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mens of poetic expression result from the very simplicity and paucity of a rude people's vocabulary, we may begin to form some notion of what will really constitute a forcible and good style. The parent race, unpolished as it was, has left to its more polished descendants the legacy of a language which served the common purposes of life, and which necessarily partook of the character of the country and climate under whose influences it was formed: the increasing wants of science and civilisation, will oblige their posterity to borrow from other sources to supply the deficiency, but the ancient language will still be that which best applies to the earth, and the sky, and the seasons, of what the Germans very appropriately term, "the fatherland;" * and he who would speak to the heart and feelings of his countrymen, must speak in a language, which is congenial to them, which is knit up with their earliest habits,—which finds its metaphor in objects familiar to their senses;— and must not dread to use an expression of the

* It is possible that we may trace, in the modification of this term in the English, the difference between the two climates, vie say "the mother country," and certainly this expression conveys the idea of a softer nurse than the more rugged "father land " of the German.

people, if it be forcible and appropriate. The art of good writing (and a very difficult one it is,) consists in knowing how much of the expressions of our forefathers ought to be preserved,—how much reformed or abandoned. And it is the business of the grammarian to assist the judgment in this: but still much remains to be done by the taste of the writer; for the grammarian can only afford examples of good and bad style, and point out what he conceives to be the cause why it is so; but who can meet by rule all the exigencies of forcible, terse, and varied expression?

It should always be remembered, when we begin to write, that letters are but a perpetuation of spoken words :—the earliest records of most countries, even their philosophy and science, were recited, not written; and, though a book is useful for reference, we all know how much more pleasantly we acquire knowledge from the conversation of a person who thoroughly understands his subject. He who would write well then, must endeavour to approach the ease of colloquial expression in narrative, or in letter writing; or the forcible expression of passion in poetry and oratory: and, in order to do this, he must not be too free in using words of foreign derivation; for in speaking we seldom use such an one if a native one will serve our purpose, and very rarely do we use any inversion in the arrangement of our sentences.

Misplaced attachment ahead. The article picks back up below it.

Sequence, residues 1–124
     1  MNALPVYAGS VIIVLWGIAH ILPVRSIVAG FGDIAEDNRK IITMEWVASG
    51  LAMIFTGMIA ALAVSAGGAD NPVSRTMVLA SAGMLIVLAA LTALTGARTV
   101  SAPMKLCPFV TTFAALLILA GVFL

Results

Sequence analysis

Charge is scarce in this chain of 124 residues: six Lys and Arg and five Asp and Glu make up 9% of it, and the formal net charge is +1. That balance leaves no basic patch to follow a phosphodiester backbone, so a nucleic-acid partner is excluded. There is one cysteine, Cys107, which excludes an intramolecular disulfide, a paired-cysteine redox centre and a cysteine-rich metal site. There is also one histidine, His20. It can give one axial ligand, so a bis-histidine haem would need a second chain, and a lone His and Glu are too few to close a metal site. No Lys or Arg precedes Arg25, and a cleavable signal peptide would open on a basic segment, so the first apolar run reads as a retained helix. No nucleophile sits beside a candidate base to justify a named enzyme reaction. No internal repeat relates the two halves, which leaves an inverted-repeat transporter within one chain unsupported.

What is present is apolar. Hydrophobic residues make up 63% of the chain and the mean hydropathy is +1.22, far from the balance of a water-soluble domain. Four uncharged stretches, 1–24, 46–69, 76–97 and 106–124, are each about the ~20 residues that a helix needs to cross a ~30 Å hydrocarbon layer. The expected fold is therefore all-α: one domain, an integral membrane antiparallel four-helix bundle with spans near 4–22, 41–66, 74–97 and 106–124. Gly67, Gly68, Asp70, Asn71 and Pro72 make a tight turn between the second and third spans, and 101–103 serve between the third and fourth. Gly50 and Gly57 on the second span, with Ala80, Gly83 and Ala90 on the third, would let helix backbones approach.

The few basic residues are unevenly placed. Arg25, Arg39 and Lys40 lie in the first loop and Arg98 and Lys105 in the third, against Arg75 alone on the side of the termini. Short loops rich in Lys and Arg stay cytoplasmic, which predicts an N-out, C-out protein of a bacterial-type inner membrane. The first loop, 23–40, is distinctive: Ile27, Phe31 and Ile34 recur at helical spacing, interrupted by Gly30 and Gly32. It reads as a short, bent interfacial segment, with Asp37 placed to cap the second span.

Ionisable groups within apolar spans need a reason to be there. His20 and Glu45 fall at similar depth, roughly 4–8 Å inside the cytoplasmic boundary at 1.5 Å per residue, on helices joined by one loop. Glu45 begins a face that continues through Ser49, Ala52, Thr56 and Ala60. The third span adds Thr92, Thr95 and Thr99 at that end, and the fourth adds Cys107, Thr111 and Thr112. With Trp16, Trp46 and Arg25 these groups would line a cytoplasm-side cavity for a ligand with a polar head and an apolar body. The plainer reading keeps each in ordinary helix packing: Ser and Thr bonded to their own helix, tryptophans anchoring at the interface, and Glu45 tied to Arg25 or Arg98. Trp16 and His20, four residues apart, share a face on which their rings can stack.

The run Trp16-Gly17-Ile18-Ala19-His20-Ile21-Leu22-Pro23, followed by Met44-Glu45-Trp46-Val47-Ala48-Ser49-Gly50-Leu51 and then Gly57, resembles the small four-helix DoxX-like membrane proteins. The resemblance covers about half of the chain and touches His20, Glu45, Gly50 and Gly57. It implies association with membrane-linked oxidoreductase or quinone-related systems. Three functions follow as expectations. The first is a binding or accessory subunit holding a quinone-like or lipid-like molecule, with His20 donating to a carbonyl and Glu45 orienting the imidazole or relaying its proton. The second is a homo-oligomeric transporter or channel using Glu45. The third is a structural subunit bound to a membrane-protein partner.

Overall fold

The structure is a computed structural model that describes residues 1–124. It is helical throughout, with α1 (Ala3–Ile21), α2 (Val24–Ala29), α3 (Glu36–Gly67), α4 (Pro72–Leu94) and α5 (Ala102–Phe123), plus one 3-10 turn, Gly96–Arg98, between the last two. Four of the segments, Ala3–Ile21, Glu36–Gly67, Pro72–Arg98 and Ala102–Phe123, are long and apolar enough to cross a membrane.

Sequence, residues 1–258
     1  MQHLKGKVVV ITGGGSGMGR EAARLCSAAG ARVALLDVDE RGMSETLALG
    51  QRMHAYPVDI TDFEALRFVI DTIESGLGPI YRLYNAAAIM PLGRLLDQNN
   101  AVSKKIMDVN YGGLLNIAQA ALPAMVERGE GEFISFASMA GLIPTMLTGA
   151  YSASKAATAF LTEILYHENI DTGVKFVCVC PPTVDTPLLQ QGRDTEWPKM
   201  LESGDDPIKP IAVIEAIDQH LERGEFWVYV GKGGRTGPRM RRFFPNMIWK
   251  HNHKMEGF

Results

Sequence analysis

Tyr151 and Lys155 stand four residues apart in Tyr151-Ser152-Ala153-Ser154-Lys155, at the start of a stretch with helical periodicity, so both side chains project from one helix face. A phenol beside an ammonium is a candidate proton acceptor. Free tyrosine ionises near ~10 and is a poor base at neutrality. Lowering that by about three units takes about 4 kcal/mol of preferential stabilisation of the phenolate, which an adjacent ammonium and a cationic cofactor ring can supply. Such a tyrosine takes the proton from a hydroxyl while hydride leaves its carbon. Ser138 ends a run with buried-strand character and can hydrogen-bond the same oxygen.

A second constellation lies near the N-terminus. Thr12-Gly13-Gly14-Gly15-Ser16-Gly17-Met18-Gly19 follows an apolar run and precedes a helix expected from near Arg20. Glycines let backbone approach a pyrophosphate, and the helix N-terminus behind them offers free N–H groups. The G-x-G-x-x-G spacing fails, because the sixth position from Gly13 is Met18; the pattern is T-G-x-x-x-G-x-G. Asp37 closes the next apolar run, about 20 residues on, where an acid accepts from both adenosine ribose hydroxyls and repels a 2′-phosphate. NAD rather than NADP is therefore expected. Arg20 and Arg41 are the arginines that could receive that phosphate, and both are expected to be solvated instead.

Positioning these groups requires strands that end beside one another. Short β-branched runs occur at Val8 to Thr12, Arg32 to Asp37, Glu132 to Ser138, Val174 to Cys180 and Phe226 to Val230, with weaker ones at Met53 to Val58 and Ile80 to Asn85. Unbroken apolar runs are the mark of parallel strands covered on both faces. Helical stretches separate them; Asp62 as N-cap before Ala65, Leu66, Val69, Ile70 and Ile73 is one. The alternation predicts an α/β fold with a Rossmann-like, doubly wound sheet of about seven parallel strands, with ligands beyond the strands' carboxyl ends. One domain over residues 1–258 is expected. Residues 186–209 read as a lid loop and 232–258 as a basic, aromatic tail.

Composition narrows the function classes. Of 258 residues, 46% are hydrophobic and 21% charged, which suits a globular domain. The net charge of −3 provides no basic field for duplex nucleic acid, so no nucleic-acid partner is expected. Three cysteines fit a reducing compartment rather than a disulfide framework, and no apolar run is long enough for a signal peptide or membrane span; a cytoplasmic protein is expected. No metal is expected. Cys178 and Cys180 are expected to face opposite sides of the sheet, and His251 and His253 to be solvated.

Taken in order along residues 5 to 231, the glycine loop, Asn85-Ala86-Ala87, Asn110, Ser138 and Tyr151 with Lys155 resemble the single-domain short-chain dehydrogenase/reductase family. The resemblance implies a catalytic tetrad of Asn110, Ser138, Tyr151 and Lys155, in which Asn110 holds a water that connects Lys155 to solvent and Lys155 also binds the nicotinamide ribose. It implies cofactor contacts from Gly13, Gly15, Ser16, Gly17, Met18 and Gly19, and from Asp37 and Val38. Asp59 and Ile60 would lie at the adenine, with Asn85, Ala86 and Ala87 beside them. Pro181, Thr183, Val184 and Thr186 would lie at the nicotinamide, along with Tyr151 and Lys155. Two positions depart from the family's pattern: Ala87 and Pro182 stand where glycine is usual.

The period during which language usually becomes deteriorated is during the first steps of refinement; when men begin to despise the habits of the people as vulgar, and place their language in the same category. The commonality do not speak by rule;—they violate the concords; they misapply words newly introduced; and their more refined countrymen scoff at their blunders, and think it a part of liberal education to root out as far as possible the common expressions of their forefathers, and substitute those of the nation which has been the leader of civilisation in their time. Thus the Romans in the decline of their greatness, were fond of Greek expressions :—thus Europe, when sunk in barbarism, clung to Latin as the language of literature, and thus in later years French exercised a deteriorating influence over English. Then comes a re-action ;—the terse, strong expression of older writers begins to be appreciated by a juster taste, and men try to imitate them, and fancy they may thus attain to something like their excellence. But neither is this the right course: for those older authors wrote as they spoke, exercising merely a just taste in selecting the most appropriate phrases. If the colloquial language he changed, and we know that it is, then we shall not charm our readers by returning to a phraseology no longer familiar; and we should imitate the great writers of other ages, not so much in their actual expressions, as in the good taste and sound judgment which they showed in their choice of them. A good style is colloquial English purified from all grammatical inaccuracy, and from any familiarity which would not sort well with the subject. The judgment of the writer is shown in his just appreciation of this last point.

I would refer to the expressions which Shakespeare puts in the mouth of Macduff, when he receives the news of the slaughter of his wife and children, as an instance where the deepest pathos is attained by excessive simplicity of phrase and metaphor.

My children too ?—

exclaims the bereaved father, after a pause when we learn from the expression of the prince that his grief had been too great for utterance; and in a moment more, after hearing farther

details,

And I must be from thence !—

My wife killed too ?—

Rosse. I have said.

Mac. He has no children.—All my pretty ones? Did you say all ?—O hell-kite!—All 1 What, all my pretty chickens, and their dam, At one fell swoop?

Mai. Dispute it like a man.

Mac. I shall do so;

But I must also feel it as a man:
I cannot but remember such things were,
That were most precious to me.

There is scarcely a word here that is not in the most familiar use, and the metaphor is that of a farm yard; yet the heart goes with every word; for we feel that such sorrow cannot spare thought enough to pick out far fetched expressions.

A kindred spirit, Schiller, has shown the like correct judgment, or rather feeling, in the scene where Thekla, the daughter of Wallenstein, receives the news of her lover's death. I annex it at length in Mr. Coleridge's excellent translation, for the gratification of those who cannot read it in the original German.

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